Loading ...
Sorry, an error occurred while loading the content.

Re: Teacher evaluation kevetching

Expand Messages
  • subirdsings
    Spot on Ken!
    Message 1 of 8 , Mar 5, 2012
    • 0 Attachment
      Spot on Ken!

      --- In art_education@yahoogroups.com, "Ken" <kenroar@...> wrote:
      >
      > Speaking as both a former art teacher and principal, I can say that most school administrators have no background in the arts and indeed have no idea how to evaluate art and music teachers. With a background in the arts, I was indeed a rarity as a principal. I would set about being an arts informer for your principal. If you have adopted a curriculum such as DBAE by Getty, or Teaching for Artistic Behavior (TAB), meet with the principal and run through the curriculum as quickly as you can so you don't occupy their time too much. It is important to inform them about what the experts in arts education considers to be good education. Hopefully they will be interested enough to ask that you leave the curriculum book with them to read later.
      >
      > If your VP is new but your principal seems supportive, I would let some things slide because no doubt your principal knows what a first year is like. The first year of an administrator is filled with mistakes as they learn the process and learn to budget their time. A former teacher/new administrator will be in shock with the amount of time and stress there is with the job. Getting them up to speed on the arts may help. Appear cooperative and go along with any suggestions even if you have to bite your tongue.
      >
      > Ken
      >
      > --- In art_education@yahoogroups.com, Rachel Stafford <rachel.stafford@> wrote:
      > >
      > > Follow the appeal process, definitely! Contact your Uniserve Rep with NEA, as well. Sounds like you've done everything right so far. Typically, administrative folks do not have a clue about how the Arts should be taught. These subjects cannot be evaluated the same way that "academics" are. Hang in there!
      > >
      > > ________________________________
      > > From: art_education@yahoogroups.com [art_education@yahoogroups.com] on behalf of Diane Gregory [gregory.diane55@]
      > > Sent: Sunday, March 04, 2012 11:54 AM
      > > To: art_education@yahoogroups.com'
      > >
      > >
      > > I would follow the appeal process. I hope there is a way to help your principal learn something positive through constructive dialog. It is tough when one has been treated unfairly.
      > >
      > > Sent from my iPad
      > > Dr. Diane C. Gregory
      > > http://www.artedonline.com
      > > gregory.diane55@<mailto:gregory.diane55@>
      > >
      > >
      > > On Mar 4, 2012, at 11:18 AM, Lianne Ruppel <lilirupes@<mailto:lilirupes@>> wrote:
      > >
      > >
      > > Hi group!
      > >
      > > I just received my new format teacher evaluation, second installment; the 'pop-in visit'. Apparently I am an average of 2.5. This is hilarious. No wonder morale is down everywhere in the education community.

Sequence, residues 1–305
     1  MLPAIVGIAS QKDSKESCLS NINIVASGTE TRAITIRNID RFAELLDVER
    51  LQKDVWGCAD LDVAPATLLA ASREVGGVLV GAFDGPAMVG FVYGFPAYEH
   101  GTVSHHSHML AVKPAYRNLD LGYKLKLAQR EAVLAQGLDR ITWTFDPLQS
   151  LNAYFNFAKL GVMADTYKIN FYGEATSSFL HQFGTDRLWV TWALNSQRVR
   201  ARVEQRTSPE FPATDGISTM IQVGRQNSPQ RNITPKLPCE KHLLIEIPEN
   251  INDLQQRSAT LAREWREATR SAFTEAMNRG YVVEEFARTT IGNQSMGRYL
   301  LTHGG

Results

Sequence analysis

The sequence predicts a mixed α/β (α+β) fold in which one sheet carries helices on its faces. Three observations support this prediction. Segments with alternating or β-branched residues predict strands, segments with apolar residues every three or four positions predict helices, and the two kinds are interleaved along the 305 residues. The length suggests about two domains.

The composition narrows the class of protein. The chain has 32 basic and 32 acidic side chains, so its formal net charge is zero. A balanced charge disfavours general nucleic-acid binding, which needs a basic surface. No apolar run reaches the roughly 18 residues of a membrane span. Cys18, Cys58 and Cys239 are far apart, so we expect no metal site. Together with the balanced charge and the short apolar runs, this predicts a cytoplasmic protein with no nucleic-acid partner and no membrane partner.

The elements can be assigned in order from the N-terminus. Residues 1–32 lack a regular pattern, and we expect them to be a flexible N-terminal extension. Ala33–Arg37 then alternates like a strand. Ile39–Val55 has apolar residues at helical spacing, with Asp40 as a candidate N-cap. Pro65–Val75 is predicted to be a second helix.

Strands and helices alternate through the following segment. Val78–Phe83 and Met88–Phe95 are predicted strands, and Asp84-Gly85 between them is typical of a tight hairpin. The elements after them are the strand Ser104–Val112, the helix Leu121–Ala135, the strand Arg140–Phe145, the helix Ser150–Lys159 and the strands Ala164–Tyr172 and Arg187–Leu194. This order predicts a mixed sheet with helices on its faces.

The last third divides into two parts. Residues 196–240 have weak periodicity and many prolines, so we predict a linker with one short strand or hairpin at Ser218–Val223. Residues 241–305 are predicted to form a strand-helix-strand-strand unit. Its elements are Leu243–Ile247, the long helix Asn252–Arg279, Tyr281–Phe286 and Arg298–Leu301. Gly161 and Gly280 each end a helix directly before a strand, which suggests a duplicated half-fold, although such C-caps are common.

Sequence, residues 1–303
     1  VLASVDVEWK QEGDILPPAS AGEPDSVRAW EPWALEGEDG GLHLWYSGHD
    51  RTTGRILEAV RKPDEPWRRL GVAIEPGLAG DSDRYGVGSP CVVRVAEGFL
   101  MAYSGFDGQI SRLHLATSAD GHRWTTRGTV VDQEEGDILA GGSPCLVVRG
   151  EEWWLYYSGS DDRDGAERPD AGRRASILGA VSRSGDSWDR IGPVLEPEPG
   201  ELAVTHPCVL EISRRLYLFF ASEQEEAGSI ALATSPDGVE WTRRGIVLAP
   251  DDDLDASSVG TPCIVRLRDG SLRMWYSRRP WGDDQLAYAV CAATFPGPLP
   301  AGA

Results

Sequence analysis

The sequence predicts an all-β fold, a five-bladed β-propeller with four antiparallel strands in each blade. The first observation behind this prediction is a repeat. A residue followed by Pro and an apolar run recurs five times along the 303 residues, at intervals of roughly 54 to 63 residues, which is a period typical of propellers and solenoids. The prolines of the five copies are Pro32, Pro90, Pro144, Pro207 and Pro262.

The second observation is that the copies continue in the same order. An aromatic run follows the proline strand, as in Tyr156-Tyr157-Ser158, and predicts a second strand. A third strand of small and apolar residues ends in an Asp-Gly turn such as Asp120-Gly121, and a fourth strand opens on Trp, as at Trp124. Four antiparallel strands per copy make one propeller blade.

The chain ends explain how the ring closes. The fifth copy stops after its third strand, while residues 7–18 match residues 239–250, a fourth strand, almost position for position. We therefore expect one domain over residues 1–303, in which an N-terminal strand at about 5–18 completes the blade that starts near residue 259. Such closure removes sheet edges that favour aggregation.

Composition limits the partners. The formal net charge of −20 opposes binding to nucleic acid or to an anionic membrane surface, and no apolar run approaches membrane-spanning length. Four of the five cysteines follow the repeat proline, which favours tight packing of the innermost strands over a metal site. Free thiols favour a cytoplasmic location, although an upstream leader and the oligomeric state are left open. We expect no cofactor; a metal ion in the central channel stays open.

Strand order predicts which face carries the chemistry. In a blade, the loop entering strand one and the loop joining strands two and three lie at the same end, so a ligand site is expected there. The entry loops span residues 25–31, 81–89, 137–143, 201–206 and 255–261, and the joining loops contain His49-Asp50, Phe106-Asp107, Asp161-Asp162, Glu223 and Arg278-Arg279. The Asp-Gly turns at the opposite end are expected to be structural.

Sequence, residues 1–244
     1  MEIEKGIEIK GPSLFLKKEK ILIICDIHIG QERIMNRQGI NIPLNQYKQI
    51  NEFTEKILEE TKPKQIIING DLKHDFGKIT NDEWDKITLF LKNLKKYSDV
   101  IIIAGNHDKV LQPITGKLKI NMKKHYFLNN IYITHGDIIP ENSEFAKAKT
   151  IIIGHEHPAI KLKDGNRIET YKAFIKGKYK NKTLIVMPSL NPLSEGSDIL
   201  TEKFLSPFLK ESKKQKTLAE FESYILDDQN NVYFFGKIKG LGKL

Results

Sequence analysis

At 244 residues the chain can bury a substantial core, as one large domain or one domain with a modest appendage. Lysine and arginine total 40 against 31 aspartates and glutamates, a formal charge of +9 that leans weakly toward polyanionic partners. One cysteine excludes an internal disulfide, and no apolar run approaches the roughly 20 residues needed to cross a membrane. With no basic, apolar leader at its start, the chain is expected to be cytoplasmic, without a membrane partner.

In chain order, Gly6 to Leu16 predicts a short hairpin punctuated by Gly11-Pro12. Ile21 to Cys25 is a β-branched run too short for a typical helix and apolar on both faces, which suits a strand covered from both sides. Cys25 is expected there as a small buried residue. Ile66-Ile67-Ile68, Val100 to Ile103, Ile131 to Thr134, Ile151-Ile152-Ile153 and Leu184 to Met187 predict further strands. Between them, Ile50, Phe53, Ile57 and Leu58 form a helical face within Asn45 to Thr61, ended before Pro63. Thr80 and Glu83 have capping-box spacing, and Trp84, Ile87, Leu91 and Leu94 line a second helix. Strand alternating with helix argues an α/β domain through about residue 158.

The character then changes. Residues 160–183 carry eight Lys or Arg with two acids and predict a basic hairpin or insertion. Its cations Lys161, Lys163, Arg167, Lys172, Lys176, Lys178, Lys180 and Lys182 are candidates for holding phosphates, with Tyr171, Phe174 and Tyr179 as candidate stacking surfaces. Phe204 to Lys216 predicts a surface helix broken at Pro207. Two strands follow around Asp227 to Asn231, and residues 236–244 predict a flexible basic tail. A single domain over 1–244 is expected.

> >
      > > Many of our teachers have felt humiliated by the same situation with our new replacement principal and vice principal. (Thanks, RTTT) For instance, the band director is NOT evaluated on band, but on some 'filler' class he is assigned to teach.
      > >
      > > I was observed on a Friday, during last block, which was to be cleaning day. My high school students were instructed to clean out their trays which contained all their sketches and prep work up until that point. They were bulging with junk papers and random art supplies and my handouts. No telling what they had in there.
      > >
      > > My brand new vice principal conducted the evaluation. She has no idea how to do her own job, let alone mine. All she looks for is a beginning, middle, and end to the lesson, based on state standards. That's what they trained her to look for in her three-day workshop. (She spelled roll taking: 'role taking'. How can you evaluate something you can't even spell?)
      > >
      > > Aside from my instructional content and my content knowledge, I received a 2 on my 'environment', which is covered, floor to ceiling with student art, sculptures, and Elements and Principles posters. All our supplies are orderly and readily available. I use my smartboard, the chalkboard, and all the areas hallways, as well, to display work and hold group critique. Our school has numerous large (28') murals executed by my classes.
      > >
      > > I hold two professional degrees and have taught at a much larger, highly successful high school. I have taught at the college level, as well. I was a successful professional illustrator for 25 years. I became a teacher to share my love of art, and was very happy for the past ten years doing exactly that.
      > >
      > > What can I do to resolve my angst about this injustice? I am an NEA member, but . . . Last time she did it to me, I discussed it with the principal and on the second evaluation, this VP raised my scores to 3s and 4s.
      > >
      > > What should I do:
      > > 1.) keep whining to the Principal
      > > 2.) hire an assassin (I'd go to jail)
      > > 3.) take an EOC complaint on her (the arts scare her)
      > > 4.) stop caring so much, the pay never increases anyway.
      > > 5.) organize a group response to our concerns and copy the powers that be
      > > 6.) ???
      > >
      > > Thanks, Ya'll,
      > > lilirupes@<mailto:lilirupes@>
      >
    Your message has been successfully submitted and would be delivered to recipients shortly.